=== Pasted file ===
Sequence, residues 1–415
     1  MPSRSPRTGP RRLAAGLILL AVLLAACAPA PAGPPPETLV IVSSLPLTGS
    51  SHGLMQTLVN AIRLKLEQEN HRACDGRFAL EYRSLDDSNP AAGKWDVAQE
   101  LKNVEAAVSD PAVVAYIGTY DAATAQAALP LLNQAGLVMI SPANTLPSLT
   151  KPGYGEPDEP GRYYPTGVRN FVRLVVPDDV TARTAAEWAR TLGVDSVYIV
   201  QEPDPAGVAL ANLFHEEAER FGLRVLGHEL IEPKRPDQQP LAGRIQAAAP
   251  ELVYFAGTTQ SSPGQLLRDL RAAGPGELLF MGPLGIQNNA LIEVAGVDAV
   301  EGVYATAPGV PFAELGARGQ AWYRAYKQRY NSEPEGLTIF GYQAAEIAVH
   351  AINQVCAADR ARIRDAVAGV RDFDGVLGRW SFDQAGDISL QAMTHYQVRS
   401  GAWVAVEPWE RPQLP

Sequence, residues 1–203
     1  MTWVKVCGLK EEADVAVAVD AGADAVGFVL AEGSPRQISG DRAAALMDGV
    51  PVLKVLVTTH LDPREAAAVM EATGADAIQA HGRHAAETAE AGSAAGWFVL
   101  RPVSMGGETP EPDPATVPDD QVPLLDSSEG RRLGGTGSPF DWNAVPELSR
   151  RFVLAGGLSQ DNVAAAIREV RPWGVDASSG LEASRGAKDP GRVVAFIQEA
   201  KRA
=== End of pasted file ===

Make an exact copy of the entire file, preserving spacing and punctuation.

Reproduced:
Sequence, residues 1–415
     1  MPSRSPRTGP RRLAAGLILL AVLLAACAPA PAGPPPETLV IVSSLPLTGS
    51  SHGLMQTLVN AIRLKLEQEN HRACDGRFAL EYRSLDDSNP AAGKWDVAQE
   101  LKNVEAAVSD PAVVAYIGTY DAATAQAALP LLNQAGLVMI SPANTLPSLT
   151  KPGYGEPDEP GRYYPTGVRN FVRLVVPDDV TARTAAEWAR TLGVDSVYIV
   201  QEPDPAGVAL ANLFHEEAER FGLRVLGHEL IEPKRPDQQP LAGRIQAAAP
   251  ELVYFAGTTQ SSPGQLLRDL RAAGPGELLF MGPLGIQNNA LIEVAGVDAV
   301  EGVYATAPGV PFAELGARGQ AWYRAYKQRY NSEPEGLTIF GYQAAEIAVH
   351  AINQVCAADR ARIRDAVAGV RDFDGVLGRW SFDQAGDISL QAMTHYQVRS
   401  GAWVAVEPWE RPQLP

Sequence, residues 1–203
     1  MTWVKVCGLK EEADVAVAVD AGADAVGFVL AEGSPRQISG DRAAALMDGV
    51  PVLKVLVTTH LDPREAAAVM EATGADAIQA HGRHAAETAE AGSAAGWFVL
   101  RPVSMGGETP EPDPATVPDD QVPLLDSSEG RRLGGTGSPF DWNAVPELSR
   151  RFVLAGGLSQ DNVAAAIREV RPWGVDASSG LEASRGAKDP GRVVAFIQEA
   201  KRA